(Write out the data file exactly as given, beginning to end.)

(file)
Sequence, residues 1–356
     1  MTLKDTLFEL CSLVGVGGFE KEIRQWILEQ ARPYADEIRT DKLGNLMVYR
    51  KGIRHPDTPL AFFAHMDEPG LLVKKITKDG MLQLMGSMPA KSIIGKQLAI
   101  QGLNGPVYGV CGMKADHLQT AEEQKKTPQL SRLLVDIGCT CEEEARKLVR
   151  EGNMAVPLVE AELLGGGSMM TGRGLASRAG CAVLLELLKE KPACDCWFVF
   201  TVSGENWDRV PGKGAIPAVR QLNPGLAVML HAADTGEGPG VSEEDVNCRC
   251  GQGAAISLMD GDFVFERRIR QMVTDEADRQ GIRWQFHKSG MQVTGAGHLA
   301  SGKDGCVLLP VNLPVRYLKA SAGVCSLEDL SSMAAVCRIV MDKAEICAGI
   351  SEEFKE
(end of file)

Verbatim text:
Sequence, residues 1–356
     1  MTLKDTLFEL CSLVGVGGFE KEIRQWILEQ ARPYADEIRT DKLGNLMVYR
    51  KGIRHPDTPL AFFAHMDEPG LLVKKITKDG MLQLMGSMPA KSIIGKQLAI
   101  QGLNGPVYGV CGMKADHLQT AEEQKKTPQL SRLLVDIGCT CEEEARKLVR
   151  EGNMAVPLVE AELLGGGSMM TGRGLASRAG CAVLLELLKE KPACDCWFVF
   201  TVSGENWDRV PGKGAIPAVR QLNPGLAVML HAADTGEGPG VSEEDVNCRC
   251  GQGAAISLMD GDFVFERRIR QMVTDEADRQ GIRWQFHKSG MQVTGAGHLA
   301  SGKDGCVLLP VNLPVRYLKA SAGVCSLEDL SSMAAVCRIV MDKAEICAGI
   351  SEEFKE